For a long time, despite defensive line being one of the Scarlet Knights’ biggest weaknesses, no one had committed in the 2020 class until graduate transfer Malik Barrow Sunday, who has just one year left to play. Troy Rainey joined him later that day after flipping from Bowling Green while on his official visit over the weekend.
Rainey played offensive tackle and defensive tackle at the scholastic level. He’s a Big Ten sized lineman already who looks great getting off the bus. Troy shows surprising explosion once he gets moving and absolutely does not need to add weight. Even on film you can see quarterbacks startled by such a big guy bursting through the line at them who continues to gain speed to closer he gets to the ball. He is in the mold of so many defensive linemen in the NFL who come from smaller colleges and you wonder how the devil they evaded the Power Five programs. His offer list is not impressive, but part of that comes from playing in Connecticut and another part comes from his really growing into his body late in his high school career after the bulk of the leg work for most programs is done for a class. Worst case he is a big body to push the starters on the scout team who by his fourth year is occupying space on game day. Best case is his first step and power are huge assets in the pass rush and he can push the pocket from the middle better than anyone since Sebastian Joseph-Day in his final season before going to the NFL.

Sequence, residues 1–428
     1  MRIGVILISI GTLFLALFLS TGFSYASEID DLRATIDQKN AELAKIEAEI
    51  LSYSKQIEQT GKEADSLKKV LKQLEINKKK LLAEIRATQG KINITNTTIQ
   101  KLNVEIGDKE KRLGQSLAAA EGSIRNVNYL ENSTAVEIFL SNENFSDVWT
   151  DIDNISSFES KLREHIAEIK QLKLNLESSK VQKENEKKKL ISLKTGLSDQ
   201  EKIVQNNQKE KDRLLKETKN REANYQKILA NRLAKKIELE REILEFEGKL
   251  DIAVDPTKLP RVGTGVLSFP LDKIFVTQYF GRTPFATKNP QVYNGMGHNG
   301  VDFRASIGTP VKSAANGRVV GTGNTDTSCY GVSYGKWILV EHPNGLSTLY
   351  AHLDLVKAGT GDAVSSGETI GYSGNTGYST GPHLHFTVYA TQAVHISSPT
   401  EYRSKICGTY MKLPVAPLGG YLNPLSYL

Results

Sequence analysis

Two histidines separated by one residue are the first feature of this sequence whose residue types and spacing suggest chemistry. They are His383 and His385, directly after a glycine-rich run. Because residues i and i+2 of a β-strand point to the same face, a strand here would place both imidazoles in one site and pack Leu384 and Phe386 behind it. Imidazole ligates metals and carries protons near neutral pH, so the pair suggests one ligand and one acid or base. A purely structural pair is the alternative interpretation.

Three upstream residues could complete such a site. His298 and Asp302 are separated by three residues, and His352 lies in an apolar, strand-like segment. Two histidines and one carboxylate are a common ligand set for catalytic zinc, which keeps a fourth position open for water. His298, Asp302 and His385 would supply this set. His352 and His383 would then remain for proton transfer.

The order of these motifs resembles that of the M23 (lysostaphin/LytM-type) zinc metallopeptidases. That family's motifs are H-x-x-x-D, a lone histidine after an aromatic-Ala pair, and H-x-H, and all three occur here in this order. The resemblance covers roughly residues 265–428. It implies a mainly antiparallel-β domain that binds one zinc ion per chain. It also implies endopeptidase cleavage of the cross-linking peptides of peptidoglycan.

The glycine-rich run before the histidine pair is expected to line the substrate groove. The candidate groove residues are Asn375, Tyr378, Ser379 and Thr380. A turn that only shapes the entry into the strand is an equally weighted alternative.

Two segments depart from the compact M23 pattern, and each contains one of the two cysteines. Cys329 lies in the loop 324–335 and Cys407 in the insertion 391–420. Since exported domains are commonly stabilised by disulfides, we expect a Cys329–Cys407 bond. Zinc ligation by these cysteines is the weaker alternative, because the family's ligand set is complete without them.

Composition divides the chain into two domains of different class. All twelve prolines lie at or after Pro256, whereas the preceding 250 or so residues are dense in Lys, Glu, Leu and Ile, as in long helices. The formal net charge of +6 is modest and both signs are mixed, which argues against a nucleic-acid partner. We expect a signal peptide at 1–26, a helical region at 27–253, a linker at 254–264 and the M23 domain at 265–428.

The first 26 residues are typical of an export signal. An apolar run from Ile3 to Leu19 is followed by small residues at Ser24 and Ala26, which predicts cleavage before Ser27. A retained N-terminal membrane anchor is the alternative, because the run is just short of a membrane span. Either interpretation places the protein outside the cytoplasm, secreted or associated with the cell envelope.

High School Position: DL/OL (6’5”, 301 lbs.)
Projected college position: 3-technique defensive tackle in a 4-3
High School: Harding
Hometown: Bridgeport, CT
Most notable other offers: Bowling Green, Monmouth
Rainey arrives at Rutgers to a defensive line group that loses team MVP Willington Previlon and was a patchwork operation as it was to steal snaps on the interior line from players who were better suited to play defensive end. The team based on most of its current personnel would be best served playing a Dick LeBeau Steelers style 3-4 look, but to do so needs two of three capable true nose guards which RU did not in 2019. You can never have enough defensive linemen and in the modern game, they can get acclimated in a variety of ways including situational roles like on the goal line. w and . The defensive line always seems to sustain losses as players usually take a year or two to be ready for the college level and the rotation goes as many as ten deep on a good year. Rutgers needs to add as many three-star talents as possible and hope a few transform themselves into true disruptors.
Floor: Eric Wiafe
Most likely: Kenneth Kirksey
Potential: Justin Francis
Check out his highlights below:
Stick with On the Banks all day for more National Signing Day coverage.